Phenobarbital is a medicine used to treat epilepsy, anxiety, and insomnia. Phenobarbital overdose occurs when someone takes too much of this medicine.
This is for information only and not for use in the treatment or management of an actual poison exposure. If you have an exposure, you should call your local emergency number (such as 911) or the National Poison Control Center at 1-800-222-1222.
Name of product (as well as the ingredients and strength if known)
The time it was swallowed
The amount swallowed
If the medication was prescribed for the patient
However, DO NOT delay calling for help if this information is not immediately available.
Poison Control, or a local emergency number
The National Poison Control Center (1-800-222-1222) can be called from anywhere in the United States. This national hotline number will let you talk to experts in poisoning. They will give you further instructions.
This is a free and confidential service. All local poison control centers in the United States use this national number. You should call if you have any questions about poisoning or poison prevention. It does NOT need to be an emergency. You can call for any reason, 24 hours a day, 7 days a week.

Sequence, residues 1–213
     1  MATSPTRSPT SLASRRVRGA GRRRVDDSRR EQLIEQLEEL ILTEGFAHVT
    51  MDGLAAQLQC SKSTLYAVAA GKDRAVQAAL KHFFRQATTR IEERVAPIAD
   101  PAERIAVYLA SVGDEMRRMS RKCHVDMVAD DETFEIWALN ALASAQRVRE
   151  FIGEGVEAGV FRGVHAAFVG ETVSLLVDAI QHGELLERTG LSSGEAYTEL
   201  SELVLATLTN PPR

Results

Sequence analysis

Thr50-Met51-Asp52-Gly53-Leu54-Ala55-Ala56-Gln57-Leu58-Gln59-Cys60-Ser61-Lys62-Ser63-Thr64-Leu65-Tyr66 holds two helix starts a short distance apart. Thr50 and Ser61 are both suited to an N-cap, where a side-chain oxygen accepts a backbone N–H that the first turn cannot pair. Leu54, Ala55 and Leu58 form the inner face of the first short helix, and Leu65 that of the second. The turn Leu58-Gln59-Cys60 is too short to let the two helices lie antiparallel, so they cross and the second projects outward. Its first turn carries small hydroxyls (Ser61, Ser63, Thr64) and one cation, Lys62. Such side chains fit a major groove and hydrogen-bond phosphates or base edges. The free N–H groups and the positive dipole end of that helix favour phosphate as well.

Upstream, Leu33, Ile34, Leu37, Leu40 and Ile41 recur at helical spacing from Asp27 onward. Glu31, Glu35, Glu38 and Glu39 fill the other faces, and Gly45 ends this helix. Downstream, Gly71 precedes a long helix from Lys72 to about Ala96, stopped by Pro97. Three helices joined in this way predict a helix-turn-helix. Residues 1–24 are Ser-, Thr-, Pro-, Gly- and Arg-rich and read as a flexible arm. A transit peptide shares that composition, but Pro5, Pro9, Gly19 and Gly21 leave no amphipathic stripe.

Take the container with you to the hospital, if possible.
The health care provider will measure and monitor the patient's vital signs, including temperature, pulse, breathing rate, and blood pressure. Blood chemistries and a blood test to measure the phenobarbital level will also be done.
Symptoms will be treated as appropriate. The patient may receive:
Medicine (sodium bicarbonate) that helps eliminate phenobarbital from the body
This list may not be all-inclusive.
The prognosis (probable outcome) depends on the symptoms observed by the health care provider.
Mild -- The patient can be aroused. No further treatment will probably be necessary, but the patient will be monitored in the hospital.
Moderate -- Breathing and other vital signs are normal, but the patient cannot be aroused. Recovery will probably occur within 24 - 48 hours with proper care.
Severe -- Breathing and other vital signs may be abnormal and the patient cannot be aroused. Recovery will probably occur within 3 - 5 days, depending on the amount swallowed.
Goldfrank LR, ed. Goldfrank's Toxicologic Emergencies. 8th ed. New York, NY: McGraw Hill; 2006.
Eric Perez, MD, Department of Emergency Medicine, St. Luke's-Roosevelt Hospital Center, New York, NY. Review provided by VeriMed Healthcare Network. Also reviewed by David Zieve, MD, MHA, Medical Director, A.D.A.M., Inc.